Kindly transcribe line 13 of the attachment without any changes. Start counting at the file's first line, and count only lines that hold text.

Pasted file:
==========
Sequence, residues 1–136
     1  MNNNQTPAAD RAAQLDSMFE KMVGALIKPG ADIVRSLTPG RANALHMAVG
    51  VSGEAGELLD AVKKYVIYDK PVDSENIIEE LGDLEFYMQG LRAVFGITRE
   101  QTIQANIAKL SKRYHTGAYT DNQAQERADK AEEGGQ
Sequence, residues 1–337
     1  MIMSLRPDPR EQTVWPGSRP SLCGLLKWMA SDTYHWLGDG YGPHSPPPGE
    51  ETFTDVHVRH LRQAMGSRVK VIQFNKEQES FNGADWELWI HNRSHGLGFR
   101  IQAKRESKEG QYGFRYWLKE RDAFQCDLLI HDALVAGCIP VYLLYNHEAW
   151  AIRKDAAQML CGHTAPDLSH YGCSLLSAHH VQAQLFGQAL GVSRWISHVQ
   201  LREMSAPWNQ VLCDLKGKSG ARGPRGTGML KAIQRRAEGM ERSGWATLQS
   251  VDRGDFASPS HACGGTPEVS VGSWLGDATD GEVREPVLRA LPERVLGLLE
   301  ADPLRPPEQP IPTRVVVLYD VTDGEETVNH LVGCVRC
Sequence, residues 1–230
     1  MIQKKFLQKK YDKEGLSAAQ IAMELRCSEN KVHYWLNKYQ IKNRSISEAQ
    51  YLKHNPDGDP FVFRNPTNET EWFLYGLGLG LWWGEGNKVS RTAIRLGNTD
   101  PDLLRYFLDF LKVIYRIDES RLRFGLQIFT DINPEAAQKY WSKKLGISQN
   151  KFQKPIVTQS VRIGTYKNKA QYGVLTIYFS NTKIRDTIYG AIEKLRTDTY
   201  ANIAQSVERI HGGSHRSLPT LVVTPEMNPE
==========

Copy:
Sequence, residues 1–230